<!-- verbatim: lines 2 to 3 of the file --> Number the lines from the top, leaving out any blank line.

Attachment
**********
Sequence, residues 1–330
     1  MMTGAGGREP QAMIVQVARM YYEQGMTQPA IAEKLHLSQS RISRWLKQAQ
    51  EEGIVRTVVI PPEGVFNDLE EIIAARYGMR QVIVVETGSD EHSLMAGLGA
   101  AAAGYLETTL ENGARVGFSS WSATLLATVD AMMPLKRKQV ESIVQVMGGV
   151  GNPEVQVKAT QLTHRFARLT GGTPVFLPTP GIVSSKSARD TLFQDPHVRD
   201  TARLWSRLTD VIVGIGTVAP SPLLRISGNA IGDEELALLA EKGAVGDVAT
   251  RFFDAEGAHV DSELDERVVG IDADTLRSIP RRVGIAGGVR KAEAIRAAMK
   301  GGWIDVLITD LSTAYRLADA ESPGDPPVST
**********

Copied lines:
     1  MMTGAGGREP QAMIVQVARM YYEQGMTQPA IAEKLHLSQS RISRWLKQAQ
    51  EEGIVRTVVI PPEGVFNDLE EIIAARYGMR QVIVVETGSD EHSLMAGLGA